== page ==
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3 signs you need to consider bankruptcy

Thousands of people file for bankruptcy every year. Many of these stories fly under the radar because news outlets tend to only focus on companies filing for bankruptcy. One recent local example includes a Louisiana company that owns multiple nursing homes that had to file for bankruptcy. 

No one enjoys thinking about the possibility of filing for bankruptcy. However, it is vital to remain grounded in reality. In some circumstances, it may be the only way to get out of debt, but it is not right for everyone. Here are three signs you need to start thinking about bankruptcy. 

Questions to ask your mortgage lender if you can’t pay

It's never easy to admit, but if you can no longer make your mortgage payments, you need to be honest with yourself. Doing so increases the likelihood of saving your home and leaving yourself in a better financial position later.

The first thing you should do is assess your situation, paying close attention to how far behind you've fallen on your payments. From there, contact your mortgage lender to ask these questions:

  • Can you explain the payments I've missed and where this leaves me? Even if you know how much you owe, you may have overlooked fees like interest and penalties. Speak to your lender to ensure that you know exactly what you are up against.
  • Is there anything I can do to remain in my home? Your mortgage lender can discuss things such as loan modifications, forbearance and refinancing your loan. You may not qualify for all these, but it's critical to at least discuss them.
  • What do I need to know about selling my home? You don't need your mortgage lender's permission to sell, but it's never a bad idea to ask if there's anything you need to know. For example, if you find that you owe more than your home is worth, you might want to discuss the possibility of a short sale with your lender.

Life during and after Chapter 13 bankruptcy

There may come a time when you stand back and realize your debt is more than you can handle. You may have made some bad choices when during the holidays or you may have lived off credit cards between employment.Regardless of how the debt happened, you must now face the fact that bankruptcy is a viable option. What does life look like during and after you file?

These bankruptcy myths can slow you down

Even though you don't dream of the day when you finally file for bankruptcy, it may be the best way to regain control of your finances. As you learn more about the process, you can decide if now is the best time to take action.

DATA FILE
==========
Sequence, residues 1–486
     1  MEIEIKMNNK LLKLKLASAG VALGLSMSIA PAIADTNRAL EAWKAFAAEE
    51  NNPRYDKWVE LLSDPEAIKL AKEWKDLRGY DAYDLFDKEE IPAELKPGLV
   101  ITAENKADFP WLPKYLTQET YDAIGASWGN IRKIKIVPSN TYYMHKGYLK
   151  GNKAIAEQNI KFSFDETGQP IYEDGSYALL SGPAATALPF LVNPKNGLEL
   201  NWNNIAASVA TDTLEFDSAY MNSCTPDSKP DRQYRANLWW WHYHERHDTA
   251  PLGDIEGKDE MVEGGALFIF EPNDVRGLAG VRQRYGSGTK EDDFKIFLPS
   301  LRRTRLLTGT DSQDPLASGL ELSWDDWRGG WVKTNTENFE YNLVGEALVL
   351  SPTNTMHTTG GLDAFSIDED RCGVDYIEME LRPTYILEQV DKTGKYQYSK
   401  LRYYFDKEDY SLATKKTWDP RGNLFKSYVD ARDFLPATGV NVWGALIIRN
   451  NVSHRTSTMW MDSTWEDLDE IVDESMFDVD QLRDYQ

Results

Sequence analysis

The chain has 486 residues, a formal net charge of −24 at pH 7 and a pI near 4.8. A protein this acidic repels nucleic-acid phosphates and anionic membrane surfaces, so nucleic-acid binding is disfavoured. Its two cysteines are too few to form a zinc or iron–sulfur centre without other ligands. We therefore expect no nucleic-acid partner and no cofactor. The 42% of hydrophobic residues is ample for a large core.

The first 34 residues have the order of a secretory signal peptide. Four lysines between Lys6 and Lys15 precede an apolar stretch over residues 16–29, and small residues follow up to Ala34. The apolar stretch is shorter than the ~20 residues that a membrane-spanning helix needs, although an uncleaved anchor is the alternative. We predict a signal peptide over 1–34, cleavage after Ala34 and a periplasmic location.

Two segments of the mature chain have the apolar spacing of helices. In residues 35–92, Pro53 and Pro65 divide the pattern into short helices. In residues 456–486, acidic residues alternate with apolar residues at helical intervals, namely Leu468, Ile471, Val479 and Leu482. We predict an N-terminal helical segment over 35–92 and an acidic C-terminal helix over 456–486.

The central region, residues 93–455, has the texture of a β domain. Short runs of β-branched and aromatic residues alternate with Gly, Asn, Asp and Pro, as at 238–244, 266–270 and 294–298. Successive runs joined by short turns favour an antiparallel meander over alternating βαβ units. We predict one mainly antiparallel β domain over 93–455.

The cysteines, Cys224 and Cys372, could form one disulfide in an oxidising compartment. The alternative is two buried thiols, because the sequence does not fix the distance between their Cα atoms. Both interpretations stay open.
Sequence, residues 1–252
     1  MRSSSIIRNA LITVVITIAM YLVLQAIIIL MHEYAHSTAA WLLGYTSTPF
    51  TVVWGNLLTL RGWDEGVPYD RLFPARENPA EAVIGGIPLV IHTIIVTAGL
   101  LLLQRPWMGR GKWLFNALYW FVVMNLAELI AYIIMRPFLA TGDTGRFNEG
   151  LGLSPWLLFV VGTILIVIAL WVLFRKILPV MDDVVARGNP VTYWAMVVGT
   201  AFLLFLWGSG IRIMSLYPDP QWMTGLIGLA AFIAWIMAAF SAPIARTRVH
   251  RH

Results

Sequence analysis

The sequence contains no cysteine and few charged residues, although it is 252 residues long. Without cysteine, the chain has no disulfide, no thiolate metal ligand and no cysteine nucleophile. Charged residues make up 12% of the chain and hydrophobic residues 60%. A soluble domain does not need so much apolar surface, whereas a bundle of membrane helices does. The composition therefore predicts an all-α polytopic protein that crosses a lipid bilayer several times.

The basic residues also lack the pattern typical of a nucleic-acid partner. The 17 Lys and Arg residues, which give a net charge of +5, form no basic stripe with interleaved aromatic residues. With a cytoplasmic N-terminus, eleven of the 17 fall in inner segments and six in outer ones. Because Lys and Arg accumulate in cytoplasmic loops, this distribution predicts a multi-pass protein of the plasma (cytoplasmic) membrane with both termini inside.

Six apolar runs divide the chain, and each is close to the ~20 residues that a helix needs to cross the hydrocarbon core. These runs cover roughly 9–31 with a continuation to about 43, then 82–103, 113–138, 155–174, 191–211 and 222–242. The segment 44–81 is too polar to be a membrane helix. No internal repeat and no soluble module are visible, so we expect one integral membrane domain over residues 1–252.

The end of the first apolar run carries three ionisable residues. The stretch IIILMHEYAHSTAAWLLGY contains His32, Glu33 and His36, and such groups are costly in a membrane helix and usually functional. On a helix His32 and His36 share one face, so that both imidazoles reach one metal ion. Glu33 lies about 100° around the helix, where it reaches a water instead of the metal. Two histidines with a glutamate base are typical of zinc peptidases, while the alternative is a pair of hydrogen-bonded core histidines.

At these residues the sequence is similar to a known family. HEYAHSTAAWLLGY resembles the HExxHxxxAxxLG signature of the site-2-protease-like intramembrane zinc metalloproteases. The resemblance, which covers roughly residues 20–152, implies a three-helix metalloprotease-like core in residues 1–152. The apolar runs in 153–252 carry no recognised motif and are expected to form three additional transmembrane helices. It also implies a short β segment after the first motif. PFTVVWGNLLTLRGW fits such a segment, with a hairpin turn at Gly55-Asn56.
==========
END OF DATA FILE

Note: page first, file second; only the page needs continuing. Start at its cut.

Many people are interested in bankruptcy but neglect to push forward because they've yet to separate fact from fiction. Here are a handful of bankruptcy myths that could slow you down:

  • Assuming you'll lose everything: Just because you file for bankruptcy doesn't mean you'll lose your home, cars and any other possessions you've gathered. With the help of exemptions, you can hold onto many or all of your assets.
  • You can eliminate all your debt: Even though bankruptcy allows you to reduce or eliminate some debts, this doesn't hold true for all of them. For example, bankruptcy has no impact on student loans or child support.
  • Your financial future is over if you file for bankruptcy: A bankruptcy filing will remain on your credit report for a minimum of seven years, but you can take steps to restore your credit as time goes by.

Will these tips change the way you use your credit card?

There are many benefits of using a credit card, including the ability to better organize your finances and make large purchases with confidence. Just the same, if you overdo it, you could find yourself in financial trouble.

Here are a few tips that can change the way you use your credit card:

  • Pay off your balance: Rather than carry a balance, pay it off when your statement comes due. This allows you to avoid finance charges, saving you a lot of money.
  • Don't miss a payment: Not only does this result in a finance charge, but you can expect a late fee as well. Furthermore, depending on how late you are, it could lead to a red mark on your credit report.
  • Buy things you need, not things you want: Many people make the mistake of using a credit card to purchase things they really can't afford. Avoid doing so by asking if it's a want or need before purchasing.
  • Watch your total credit limit: As a general rule of thumb, strive to keep your credit utilization ratio below 25 percent. For example, if you have a $10,000 credit limit, don't let your balance exceed $2,500.

Answer these questions before filing for bankruptcy

If you're facing financial trouble, it's important to consider all your options for seeking relief. Bankruptcy may not be the first thing you think about, but it could be the best way to improve your finances and provide a fresh start in the future.